Sereno rejects media interviews-A A +A
Tuesday, August 28, 2012
MANILA (Updated, 10:57 a.m.) -- Although seen as animated, Chief Justice Maria Lourdes Sereno declined requests for media interviews in a bid to bring back the "golden days" of the Supreme Court.
Golden days would mean the justices should be heard through their decisions in several cases to avoid susceptibility to misinterpretation, she said in a one-page statement on Tuesday.
"The judiciary is not a political branch of government. Its role is unique among all other public institutions. It is constitutionally designed to be deliberate, accurate, sober, and carefully balanced before arriving at its decisions and in the presentation of such decisions," Sereno said.
The Chief Justice said she has been invited for interviews since taking oath last Saturday in Malacañang.
However, Sereno said she has to turn down these "urgent and well-meaning" requests so that she can concentrate in "paying attention to the more fundamental and urgent problems besetting the judiciary."
"Fair treatment of all such interview requests from media personalities would require that an agreement would need to be had with media on how such fairness is to be measured, including on the order of schedules with the various interviewers, and other operational concerns," she said.
In contrast, former Chief Justice Renato Corona, who was removed by the Senate impeachment court for misdeclared cash assets last May 29, used the first few days of his abbreviated term to appear in radio and television shows.
Two years ago, Corona assured that he will be independent despite objections to his appointment a month before then President Gloria Macapagal-Arroyo steps down from power. The Supreme Court actually ruled in the Chief Executive's favor to name justices during a presidential election.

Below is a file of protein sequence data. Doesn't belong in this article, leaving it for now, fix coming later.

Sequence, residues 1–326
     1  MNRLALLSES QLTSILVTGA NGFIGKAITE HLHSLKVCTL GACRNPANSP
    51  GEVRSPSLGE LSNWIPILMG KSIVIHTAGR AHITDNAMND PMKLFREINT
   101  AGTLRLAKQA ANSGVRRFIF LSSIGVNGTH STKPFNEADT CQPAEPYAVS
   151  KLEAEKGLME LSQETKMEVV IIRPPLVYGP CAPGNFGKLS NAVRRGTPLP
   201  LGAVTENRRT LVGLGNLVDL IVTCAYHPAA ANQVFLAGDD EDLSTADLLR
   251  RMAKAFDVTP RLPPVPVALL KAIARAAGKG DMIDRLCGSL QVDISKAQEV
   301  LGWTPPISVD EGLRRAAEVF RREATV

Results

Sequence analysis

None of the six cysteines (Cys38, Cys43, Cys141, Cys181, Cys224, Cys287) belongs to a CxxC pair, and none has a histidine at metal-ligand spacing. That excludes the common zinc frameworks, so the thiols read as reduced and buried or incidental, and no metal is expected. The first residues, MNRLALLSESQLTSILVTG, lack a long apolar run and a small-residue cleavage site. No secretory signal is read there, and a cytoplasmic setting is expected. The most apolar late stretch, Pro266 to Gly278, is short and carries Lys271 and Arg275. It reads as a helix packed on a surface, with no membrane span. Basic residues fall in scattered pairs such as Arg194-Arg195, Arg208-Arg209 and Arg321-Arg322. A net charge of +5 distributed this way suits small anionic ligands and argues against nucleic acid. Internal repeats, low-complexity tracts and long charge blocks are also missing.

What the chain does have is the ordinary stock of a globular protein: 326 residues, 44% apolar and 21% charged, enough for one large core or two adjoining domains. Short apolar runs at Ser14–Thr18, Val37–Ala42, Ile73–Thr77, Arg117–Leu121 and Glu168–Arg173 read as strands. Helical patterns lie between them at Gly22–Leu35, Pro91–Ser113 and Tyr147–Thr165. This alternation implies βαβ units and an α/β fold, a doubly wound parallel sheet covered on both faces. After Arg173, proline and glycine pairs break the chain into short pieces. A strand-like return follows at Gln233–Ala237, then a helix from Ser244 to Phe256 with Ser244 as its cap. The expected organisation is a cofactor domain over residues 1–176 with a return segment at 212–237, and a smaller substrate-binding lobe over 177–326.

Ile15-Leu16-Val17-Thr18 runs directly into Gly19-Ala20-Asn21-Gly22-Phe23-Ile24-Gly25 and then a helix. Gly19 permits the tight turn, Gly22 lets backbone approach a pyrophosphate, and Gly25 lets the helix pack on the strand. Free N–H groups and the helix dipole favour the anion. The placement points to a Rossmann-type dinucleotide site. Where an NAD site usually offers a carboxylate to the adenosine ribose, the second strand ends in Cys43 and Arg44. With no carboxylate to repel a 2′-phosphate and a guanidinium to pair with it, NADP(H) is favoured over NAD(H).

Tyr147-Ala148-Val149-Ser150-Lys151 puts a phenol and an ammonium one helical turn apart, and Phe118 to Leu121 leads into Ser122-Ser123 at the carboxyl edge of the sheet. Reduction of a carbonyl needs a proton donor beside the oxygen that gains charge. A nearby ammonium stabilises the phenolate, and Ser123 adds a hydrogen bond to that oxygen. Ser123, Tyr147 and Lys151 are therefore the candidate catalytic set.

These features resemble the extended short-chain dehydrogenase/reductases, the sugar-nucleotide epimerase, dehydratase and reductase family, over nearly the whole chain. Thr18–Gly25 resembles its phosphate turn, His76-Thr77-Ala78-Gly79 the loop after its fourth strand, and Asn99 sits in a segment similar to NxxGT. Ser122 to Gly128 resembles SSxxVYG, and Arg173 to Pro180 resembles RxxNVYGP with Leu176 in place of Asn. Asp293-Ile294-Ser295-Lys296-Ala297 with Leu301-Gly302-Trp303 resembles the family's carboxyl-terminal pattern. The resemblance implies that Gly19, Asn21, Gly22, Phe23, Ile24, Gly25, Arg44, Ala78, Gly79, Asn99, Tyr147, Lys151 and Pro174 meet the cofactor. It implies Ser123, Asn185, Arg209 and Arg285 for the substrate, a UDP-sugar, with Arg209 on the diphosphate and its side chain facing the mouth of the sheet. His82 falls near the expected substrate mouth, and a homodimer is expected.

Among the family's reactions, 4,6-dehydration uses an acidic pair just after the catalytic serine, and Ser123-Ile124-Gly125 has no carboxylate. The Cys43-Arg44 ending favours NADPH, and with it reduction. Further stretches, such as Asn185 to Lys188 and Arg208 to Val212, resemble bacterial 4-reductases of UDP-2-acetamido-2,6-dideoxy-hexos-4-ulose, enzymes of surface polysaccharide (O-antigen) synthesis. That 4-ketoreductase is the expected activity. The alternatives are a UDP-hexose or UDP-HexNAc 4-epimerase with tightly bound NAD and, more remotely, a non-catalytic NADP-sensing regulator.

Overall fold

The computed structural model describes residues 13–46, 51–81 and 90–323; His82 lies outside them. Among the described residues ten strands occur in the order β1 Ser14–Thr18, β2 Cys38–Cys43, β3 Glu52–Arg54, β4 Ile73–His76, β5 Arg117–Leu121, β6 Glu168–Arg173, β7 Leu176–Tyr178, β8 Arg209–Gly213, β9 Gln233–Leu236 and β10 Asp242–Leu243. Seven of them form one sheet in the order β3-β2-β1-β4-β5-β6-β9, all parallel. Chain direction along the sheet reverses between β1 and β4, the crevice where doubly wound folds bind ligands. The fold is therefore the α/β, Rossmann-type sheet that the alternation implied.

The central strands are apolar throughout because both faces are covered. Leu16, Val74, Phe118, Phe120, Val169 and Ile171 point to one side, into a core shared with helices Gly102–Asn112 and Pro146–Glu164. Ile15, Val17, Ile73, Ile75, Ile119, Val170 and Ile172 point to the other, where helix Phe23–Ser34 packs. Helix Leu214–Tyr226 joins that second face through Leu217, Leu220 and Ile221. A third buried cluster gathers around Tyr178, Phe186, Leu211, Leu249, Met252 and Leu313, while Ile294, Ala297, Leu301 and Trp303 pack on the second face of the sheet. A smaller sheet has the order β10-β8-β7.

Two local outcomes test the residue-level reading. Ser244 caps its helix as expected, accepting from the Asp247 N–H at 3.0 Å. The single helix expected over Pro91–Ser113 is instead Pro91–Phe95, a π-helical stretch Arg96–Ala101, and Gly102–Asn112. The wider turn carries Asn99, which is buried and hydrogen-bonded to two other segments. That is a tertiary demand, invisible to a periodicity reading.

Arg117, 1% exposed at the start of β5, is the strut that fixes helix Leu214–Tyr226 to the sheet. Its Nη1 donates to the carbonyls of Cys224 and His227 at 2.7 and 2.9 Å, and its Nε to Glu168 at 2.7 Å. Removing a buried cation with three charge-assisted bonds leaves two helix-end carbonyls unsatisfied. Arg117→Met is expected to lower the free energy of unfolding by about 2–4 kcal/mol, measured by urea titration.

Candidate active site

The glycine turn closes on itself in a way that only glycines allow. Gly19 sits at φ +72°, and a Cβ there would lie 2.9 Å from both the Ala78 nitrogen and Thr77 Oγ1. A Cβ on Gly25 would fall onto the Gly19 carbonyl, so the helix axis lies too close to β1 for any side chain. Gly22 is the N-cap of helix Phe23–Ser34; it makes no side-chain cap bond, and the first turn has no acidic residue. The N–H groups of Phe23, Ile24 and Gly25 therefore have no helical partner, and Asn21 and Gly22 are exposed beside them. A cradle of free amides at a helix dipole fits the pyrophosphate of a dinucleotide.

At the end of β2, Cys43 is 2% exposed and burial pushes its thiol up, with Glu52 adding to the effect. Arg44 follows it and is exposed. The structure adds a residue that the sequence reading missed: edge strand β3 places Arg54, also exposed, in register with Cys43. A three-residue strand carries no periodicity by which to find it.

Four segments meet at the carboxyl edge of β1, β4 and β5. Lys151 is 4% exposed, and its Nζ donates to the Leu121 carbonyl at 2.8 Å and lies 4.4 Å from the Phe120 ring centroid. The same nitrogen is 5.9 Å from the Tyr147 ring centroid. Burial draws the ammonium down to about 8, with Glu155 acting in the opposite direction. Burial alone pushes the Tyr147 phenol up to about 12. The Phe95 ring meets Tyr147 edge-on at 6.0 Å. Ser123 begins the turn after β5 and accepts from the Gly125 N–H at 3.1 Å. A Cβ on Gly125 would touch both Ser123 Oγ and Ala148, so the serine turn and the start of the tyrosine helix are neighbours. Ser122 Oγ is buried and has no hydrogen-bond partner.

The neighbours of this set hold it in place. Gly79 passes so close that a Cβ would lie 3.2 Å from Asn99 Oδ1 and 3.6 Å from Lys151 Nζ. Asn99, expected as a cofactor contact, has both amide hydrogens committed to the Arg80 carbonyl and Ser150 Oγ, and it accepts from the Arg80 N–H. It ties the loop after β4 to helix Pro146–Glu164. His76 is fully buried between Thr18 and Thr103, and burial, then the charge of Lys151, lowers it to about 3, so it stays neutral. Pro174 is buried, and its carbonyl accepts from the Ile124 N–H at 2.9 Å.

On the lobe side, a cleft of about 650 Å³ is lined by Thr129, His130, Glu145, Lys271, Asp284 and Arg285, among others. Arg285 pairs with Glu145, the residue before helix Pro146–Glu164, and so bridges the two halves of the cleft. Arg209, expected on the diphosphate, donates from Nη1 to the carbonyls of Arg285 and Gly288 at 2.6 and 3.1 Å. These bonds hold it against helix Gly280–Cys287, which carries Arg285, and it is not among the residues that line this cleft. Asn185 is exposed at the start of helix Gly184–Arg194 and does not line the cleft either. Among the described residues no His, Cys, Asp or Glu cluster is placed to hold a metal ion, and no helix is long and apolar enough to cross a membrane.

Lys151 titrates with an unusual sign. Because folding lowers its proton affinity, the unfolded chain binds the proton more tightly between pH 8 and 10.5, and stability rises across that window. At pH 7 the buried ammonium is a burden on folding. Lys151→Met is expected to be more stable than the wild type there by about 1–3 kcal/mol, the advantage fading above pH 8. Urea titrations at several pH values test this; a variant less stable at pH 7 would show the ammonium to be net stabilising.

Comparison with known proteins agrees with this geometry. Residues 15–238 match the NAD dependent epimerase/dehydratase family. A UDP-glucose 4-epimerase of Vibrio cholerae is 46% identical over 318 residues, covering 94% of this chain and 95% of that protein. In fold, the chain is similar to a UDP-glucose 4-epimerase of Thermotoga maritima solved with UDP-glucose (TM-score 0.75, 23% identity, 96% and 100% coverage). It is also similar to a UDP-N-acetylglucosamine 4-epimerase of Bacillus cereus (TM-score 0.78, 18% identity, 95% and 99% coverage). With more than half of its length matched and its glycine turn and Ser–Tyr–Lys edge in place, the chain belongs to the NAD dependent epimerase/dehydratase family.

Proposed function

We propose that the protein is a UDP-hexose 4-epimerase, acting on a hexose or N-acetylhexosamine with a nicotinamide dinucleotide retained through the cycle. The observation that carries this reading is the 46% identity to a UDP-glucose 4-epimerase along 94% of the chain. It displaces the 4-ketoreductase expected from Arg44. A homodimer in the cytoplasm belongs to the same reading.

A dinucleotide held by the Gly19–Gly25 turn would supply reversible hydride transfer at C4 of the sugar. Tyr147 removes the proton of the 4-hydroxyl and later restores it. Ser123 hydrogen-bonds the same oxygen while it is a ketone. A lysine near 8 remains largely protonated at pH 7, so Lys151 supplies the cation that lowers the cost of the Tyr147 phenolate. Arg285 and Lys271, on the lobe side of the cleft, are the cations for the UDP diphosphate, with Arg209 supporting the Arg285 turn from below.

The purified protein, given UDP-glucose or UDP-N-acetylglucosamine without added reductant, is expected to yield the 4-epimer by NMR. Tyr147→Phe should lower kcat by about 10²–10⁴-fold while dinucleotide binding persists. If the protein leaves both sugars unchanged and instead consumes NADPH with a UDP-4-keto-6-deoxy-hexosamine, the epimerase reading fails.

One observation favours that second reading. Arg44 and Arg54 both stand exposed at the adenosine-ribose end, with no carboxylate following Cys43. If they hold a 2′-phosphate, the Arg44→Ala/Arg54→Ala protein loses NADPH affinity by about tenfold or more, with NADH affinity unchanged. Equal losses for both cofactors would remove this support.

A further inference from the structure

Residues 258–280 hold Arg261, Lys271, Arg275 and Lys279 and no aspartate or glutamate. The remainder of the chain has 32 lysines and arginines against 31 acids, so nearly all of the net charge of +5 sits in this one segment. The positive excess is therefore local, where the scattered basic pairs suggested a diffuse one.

Corona's entanglements with Arroyo, however, partly led to his downfall when he was accused of shielding her from prosecution through the Court's suspension of the watchlist order that barred the Pampanga lawmaker from seeking medical treatment abroad late last year.
Questions about her independence will also be Sereno's top concern if and when she sits for a media interview.
Critics of President Benigno Aquino III said Sereno may re-open the ownership case of the Hacienda Luisita, which the SC said in April must be distributed to thousands of farmworker beneficiaries.
The Cojuangcos, Aquino's maternal relatives, have reportedly asked for a higher compensation but the Court only pegged it to the 1989 rate of P40,000 per hectare. It was in 1989 that the lands were subjected to agrarian reform.
Sereno did not oppose the distribution of the 4,915-hectare sugar plantation but in her dissenting opinion, she said the compensation for the Hacienda Luisita Inc. should be computed at its 2006 valuation.
If Sereno's suggestion is applied, the value of the land would be placed at P2 million to P2.5 million per hectare, resulting in a higher windfall for the Cojuangco-Aquino clan.
Sereno will also receive questions about her reform agenda in the judiciary, considering her 18-year-term as Chief Justice.
In the meantime, the 52-year-old Chief Justice said she will meet the various units in the High Court that will deal with media and the general public in providing information.
"We will seek ways on how to best respond to the needs of media for accurate and timely information. Thank you for your patience," Sereno said.
Sereno will have her first public address as Chief Justice at the 23rd Conference of the Presidents of Law Associations in Asia on Wednesday at The Marriott Hotel in Pasay City.
The event is open for media coverage, according to its organizer the Integrated Bar of the Philippines. (Virgil Lopez/Sunnex)